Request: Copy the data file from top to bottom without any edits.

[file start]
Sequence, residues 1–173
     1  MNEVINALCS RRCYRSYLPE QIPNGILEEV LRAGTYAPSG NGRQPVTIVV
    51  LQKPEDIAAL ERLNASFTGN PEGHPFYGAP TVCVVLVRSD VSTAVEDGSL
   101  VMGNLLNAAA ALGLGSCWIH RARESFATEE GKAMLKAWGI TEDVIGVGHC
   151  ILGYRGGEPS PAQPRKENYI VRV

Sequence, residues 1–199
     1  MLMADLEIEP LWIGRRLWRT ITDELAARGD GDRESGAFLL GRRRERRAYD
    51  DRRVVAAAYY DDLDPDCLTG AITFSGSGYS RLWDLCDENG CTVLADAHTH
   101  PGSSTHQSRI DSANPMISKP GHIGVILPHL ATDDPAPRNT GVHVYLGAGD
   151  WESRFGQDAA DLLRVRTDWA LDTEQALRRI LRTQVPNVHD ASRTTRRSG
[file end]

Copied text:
Sequence, residues 1–173
     1  MNEVINALCS RRCYRSYLPE QIPNGILEEV LRAGTYAPSG NGRQPVTIVV
    51  LQKPEDIAAL ERLNASFTGN PEGHPFYGAP TVCVVLVRSD VSTAVEDGSL
   101  VMGNLLNAAA ALGLGSCWIH RARESFATEE GKAMLKAWGI TEDVIGVGHC
   151  ILGYRGGEPS PAQPRKENYI VRV

Sequence, residues 1–199
     1  MLMADLEIEP LWIGRRLWRT ITDELAARGD GDRESGAFLL GRRRERRAYD
    51  DRRVVAAAYY DDLDPDCLTG AITFSGSGYS RLWDLCDENG CTVLADAHTH
   101  PGSSTHQSRI DSANPMISKP GHIGVILPHL ATDDPAPRNT GVHVYLGAGD
   151  WESRFGQDAA DLLRVRTDWA LDTEQALRRI LRTQVPNVHD ASRTTRRSG